Broadcom sets out its plans for NFC

Three months after it announced plans to buy NFC specialist Innovision for US$47.5m, the deal has completed and Broadcom VP Craig Ochikubo has spoken to NFC World about the company’s ambitions for Innovision and for the NFC market as a whole.

Broadcom's Craig Ochikubo
OCHIKUBO: Increased interest in NFC from customers led to $47.5m purchase

Craig Ochikubo, VP and general manager of Broadcom‘s Wireless Personal Area Networking division, is in charge of all the company’s short range communication technologies, including its market leading Bluetooth and WiFi products and, now, NFC.

In June, Broadcom snapped up NFC semiconductor IP leader Innovision for $47.5m — the first time a major mobile industry supplier has acquired a near field communication specialist. Now, the mobile chip manufacturer is ready to talk about its plans for NFC and Ochikubo spoke to NFC World last week about the reason for the company’s acquisition of Innovision, the timing of the deal, future product introductions and plans for the Innovision team.

Broadcom and Innovision had been talking together for about four years, Ochikubo explains, trying to decide how best to work together. This year, however, Broadcom began to realise that the NFC market was evolving fast, a much more mature infrastructure was being created and there was increased interest from Broadcom’s customers — mobile device and PC manufacturers — as well as from carriers. “They’re looking to us to make things happen quickly,” says Ochikubo. “There are multiple motivations to put the technology into products.”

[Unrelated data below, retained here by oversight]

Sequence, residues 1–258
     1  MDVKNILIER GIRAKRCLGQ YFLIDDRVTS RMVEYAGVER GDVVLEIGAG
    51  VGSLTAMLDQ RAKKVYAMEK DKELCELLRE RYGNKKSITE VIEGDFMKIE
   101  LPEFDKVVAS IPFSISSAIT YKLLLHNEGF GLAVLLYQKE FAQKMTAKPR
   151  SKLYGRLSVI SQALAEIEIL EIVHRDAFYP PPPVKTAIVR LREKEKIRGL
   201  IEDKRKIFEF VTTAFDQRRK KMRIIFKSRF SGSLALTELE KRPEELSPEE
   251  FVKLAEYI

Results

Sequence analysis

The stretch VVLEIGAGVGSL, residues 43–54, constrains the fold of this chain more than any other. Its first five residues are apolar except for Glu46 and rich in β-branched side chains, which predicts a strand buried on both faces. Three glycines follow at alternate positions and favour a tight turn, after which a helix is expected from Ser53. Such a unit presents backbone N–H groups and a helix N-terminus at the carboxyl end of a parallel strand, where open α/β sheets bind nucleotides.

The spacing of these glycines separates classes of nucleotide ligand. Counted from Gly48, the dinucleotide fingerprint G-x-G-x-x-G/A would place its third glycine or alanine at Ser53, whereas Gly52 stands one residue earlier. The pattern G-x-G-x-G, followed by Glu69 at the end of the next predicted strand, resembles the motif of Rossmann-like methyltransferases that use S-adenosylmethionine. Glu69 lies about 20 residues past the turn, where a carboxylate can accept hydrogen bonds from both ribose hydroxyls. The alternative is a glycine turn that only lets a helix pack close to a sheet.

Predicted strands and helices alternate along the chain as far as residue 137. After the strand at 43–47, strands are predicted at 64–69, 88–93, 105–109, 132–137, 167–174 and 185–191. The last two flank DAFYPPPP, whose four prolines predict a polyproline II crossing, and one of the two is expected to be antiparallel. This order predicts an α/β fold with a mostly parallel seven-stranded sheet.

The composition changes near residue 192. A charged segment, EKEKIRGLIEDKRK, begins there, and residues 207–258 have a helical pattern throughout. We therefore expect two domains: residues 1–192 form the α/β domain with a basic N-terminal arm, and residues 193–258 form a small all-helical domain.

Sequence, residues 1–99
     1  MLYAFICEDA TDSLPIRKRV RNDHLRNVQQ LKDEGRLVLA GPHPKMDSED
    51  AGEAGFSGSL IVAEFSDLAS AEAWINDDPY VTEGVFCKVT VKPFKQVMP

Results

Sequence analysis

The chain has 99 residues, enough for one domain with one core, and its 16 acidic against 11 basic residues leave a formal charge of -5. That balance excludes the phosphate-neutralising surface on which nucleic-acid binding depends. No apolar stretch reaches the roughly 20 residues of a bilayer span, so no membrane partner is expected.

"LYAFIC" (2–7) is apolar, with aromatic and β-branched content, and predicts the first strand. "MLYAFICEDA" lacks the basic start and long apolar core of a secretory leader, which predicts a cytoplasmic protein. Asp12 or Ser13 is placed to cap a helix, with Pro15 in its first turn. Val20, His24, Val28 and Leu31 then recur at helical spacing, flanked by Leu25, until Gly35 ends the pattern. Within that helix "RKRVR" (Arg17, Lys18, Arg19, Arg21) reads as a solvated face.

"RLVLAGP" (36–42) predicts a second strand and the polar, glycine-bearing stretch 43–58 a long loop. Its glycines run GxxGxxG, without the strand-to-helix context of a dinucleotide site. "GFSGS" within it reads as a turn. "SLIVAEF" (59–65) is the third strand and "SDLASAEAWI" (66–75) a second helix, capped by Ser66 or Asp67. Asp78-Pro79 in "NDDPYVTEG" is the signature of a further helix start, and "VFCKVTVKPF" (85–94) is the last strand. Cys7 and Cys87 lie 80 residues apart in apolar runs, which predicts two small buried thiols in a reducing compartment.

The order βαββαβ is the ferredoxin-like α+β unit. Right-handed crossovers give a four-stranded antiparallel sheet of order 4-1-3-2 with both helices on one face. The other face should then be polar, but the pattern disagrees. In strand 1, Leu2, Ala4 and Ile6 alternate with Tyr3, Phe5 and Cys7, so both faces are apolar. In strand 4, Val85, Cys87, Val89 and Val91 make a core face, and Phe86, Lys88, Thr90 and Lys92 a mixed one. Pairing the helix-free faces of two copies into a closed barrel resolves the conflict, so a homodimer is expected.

“Broadcom has always been very interested in the very best companies,” Ochikubo continues, and the company has made over forty acquisitions to date. “I came to Broadcom via an acquisition ten years ago,” he adds, “so I am aware of the challenges of integrating a company.”

The company’s goal is always to become the number one provider of a technology, says Ochikubo, and Broadcom is already number one in Bluetooth and WiFi and its products are present in five of the top five handsets and in the products made by all of the top ten PC makers. “We are hoping we can create that same kind of success in the NFC market,” he explains.

The plan is to keep the Innovision team together in the UK and, says Ochikubo, “I’m expecting the majority of the team to remain here… We’re not a Gordon Gekko type of company,” he continues, referring to the ruthless asset stripper in 80s movie Wall Street. Rather, “we’re after the team that created the technology… I love it that the team is so strong and compliments Broadcom so well.”

While Ochikubo was reluctant to be drawn into discussing specific new products, Broadcom does expect to announce the first product to be developed by the new Broadcom/Innovision team in late 2010/early 2011. “We’re not interested in selling PowerPoint,” says Ochikubo, and it’s “premature to talk about specific products.” But, he adds, there is “a set of products we are working on with the Innovision team.”

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